BD: How dire is the environmental impact of the internet and specifically servers? It seems a truly bad situation, as you explain very clearly in Designing for Sustainability [2016, O’Reilly Media].
TF: Data centers house and serve society’s collective data. They play a huge role in the internet’s environmental impact. But there is still energy lost in transmission from the server to your device. Then there is the energy used to power the device itself. This is especially relevant when you think about the nearly 4.4 billion people who are online as of January 2019. The data and server farm infrastructure supporting all that and the users on the front end require s huge amounts of electricity. According to last year’s Mozilla Internet Health report, if things continue on the same track, by 2025 the internet will be responsible for more carbon emissions than any country on the planet except the United States, China and India. So it’s massive.
BD: As we speak, you’re overlooking Lake Superior from your home in the snowy Upper Peninsula of Michigan. How much does being from the UP inform your world view?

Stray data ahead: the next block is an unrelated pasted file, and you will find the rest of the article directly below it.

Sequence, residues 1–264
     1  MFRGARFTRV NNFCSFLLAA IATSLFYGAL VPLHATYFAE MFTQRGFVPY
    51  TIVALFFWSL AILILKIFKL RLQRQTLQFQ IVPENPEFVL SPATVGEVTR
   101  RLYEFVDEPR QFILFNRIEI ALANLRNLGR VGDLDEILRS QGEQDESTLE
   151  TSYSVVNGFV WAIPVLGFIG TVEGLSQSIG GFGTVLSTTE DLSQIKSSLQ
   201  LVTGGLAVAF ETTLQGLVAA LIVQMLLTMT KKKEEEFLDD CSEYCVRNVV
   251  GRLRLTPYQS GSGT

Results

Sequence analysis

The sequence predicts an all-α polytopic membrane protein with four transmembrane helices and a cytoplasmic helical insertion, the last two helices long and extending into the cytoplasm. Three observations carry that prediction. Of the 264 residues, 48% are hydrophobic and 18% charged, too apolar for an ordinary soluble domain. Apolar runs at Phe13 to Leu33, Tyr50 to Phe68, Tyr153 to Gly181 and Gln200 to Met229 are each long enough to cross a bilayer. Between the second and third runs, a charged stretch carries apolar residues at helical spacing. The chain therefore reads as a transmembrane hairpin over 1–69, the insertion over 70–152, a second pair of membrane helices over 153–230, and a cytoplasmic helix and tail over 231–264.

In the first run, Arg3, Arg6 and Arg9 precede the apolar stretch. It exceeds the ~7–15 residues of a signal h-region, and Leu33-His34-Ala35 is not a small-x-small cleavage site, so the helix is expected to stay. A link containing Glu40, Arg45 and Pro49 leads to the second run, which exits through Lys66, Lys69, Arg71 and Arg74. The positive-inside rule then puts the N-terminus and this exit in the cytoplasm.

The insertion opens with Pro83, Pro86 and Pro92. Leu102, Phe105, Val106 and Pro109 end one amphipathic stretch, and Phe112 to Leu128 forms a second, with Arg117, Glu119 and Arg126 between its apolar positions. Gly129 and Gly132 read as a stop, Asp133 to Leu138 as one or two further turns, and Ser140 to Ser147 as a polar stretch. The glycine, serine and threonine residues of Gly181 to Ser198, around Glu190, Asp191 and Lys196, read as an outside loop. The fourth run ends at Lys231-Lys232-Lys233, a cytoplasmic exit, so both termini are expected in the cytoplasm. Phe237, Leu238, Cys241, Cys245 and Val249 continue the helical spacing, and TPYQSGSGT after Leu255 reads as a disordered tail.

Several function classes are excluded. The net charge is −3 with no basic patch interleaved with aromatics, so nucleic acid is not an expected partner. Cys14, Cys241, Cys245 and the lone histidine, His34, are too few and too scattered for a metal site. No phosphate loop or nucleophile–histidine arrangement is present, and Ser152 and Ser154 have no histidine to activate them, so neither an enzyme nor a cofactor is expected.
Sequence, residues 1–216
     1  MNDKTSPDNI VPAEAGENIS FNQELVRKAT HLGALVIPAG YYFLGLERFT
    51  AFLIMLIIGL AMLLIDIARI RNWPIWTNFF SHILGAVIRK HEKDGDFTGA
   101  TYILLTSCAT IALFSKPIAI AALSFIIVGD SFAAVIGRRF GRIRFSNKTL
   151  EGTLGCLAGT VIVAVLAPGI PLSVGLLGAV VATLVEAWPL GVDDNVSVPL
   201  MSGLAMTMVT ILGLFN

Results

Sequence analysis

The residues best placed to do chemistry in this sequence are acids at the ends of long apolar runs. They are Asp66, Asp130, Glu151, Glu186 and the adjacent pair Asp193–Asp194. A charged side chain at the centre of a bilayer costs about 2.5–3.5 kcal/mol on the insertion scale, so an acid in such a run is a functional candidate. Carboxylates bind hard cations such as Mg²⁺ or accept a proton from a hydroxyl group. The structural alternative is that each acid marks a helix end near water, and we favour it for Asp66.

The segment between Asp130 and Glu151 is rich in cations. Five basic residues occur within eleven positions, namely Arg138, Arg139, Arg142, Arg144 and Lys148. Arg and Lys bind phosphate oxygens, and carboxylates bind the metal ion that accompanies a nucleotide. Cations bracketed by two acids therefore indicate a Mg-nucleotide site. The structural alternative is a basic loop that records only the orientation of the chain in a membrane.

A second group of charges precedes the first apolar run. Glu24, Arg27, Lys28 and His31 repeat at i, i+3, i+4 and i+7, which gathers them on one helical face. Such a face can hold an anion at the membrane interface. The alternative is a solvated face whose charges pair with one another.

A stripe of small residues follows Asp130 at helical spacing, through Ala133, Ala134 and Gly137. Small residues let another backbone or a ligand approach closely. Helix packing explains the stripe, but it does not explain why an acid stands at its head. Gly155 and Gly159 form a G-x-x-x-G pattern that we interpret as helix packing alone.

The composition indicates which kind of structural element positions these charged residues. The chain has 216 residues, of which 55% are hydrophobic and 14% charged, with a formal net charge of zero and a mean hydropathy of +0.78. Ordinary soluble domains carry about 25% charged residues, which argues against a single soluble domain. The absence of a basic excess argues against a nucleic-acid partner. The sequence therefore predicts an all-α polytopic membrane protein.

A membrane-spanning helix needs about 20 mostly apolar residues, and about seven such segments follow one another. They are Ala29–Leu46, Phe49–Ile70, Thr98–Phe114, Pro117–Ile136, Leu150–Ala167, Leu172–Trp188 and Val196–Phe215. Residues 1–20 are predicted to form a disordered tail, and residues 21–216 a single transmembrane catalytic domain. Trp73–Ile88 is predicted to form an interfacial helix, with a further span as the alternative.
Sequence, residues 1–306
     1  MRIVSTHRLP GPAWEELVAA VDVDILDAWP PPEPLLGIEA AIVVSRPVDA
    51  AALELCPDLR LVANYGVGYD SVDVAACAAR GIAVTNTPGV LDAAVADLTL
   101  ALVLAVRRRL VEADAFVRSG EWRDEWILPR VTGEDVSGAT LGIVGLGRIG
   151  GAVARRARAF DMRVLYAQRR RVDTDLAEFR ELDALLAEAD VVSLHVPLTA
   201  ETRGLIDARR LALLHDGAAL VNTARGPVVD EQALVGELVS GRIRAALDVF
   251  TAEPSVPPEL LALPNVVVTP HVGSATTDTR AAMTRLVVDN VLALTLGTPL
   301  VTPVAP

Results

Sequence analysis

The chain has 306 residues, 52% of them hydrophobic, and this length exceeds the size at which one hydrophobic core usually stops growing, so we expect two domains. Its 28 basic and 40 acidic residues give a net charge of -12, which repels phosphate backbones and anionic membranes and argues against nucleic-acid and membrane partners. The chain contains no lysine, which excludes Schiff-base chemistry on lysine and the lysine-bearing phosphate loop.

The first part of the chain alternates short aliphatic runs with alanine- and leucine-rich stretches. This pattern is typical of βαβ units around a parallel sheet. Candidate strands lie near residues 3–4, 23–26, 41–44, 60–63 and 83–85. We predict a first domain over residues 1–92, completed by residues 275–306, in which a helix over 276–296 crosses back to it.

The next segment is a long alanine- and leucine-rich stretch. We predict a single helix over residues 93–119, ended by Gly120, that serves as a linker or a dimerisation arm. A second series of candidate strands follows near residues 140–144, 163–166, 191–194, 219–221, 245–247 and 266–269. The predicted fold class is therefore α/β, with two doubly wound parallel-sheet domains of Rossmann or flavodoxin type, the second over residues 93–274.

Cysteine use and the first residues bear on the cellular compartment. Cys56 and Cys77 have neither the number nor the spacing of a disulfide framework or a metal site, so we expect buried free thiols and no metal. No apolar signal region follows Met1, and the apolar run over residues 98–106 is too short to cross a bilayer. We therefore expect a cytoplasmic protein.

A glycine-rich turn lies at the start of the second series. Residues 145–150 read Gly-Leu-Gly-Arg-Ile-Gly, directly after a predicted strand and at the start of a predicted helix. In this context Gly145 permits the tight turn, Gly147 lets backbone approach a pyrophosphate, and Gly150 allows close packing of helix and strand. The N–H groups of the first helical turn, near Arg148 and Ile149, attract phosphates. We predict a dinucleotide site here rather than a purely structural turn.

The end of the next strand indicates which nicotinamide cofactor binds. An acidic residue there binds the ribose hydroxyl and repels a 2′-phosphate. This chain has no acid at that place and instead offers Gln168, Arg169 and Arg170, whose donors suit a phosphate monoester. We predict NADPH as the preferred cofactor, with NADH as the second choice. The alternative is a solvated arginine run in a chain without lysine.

TF: It’s huge. I was raised in a very small UP town and, growing up, always had access to nature. That formed the person I am today. It gave me a deep appreciation of the natural world that has only grown as I’ve gotten older. On the social spectrum, I spend a good portion of my time in Chicago and understand all too well the challenges millions of people from diverse backgrounds face when living in close quarters. Conversely, my place in the UP is very rural. Politically, it's deep red. It's economically depressed. Good jobs are hard to come by. It's very white, heteronormative, Christian, etc. Growing up, we had one African-American family in our entire town. I'd never met anyone Muslim, Jewish, etc. until I went to college. Talk about sheltered!
As an out gay man living in rural upper Michigan I have to be cognizant of all this. While my partner and I haven't experienced any bigotry or homophobia firsthand, we do think about it regularly. Growing up in this environment, I saw firsthand how cruel people can be to those who are 'different.’ If we are to cross any sort of divide that's happening in this country, these two worlds must learn to co-exist.
If, by running my small digital agency, I can address some of the issues mentioned during this interview while also building shared prosperity for our employees, the community in which we reside, our customers, and the planet overall, I will feel happy that we have achieved our mission as a company.
Next >> Read the first edition of The Fact Sheet, featuring Jessica Droste Yagan, CEO of Impact Engine.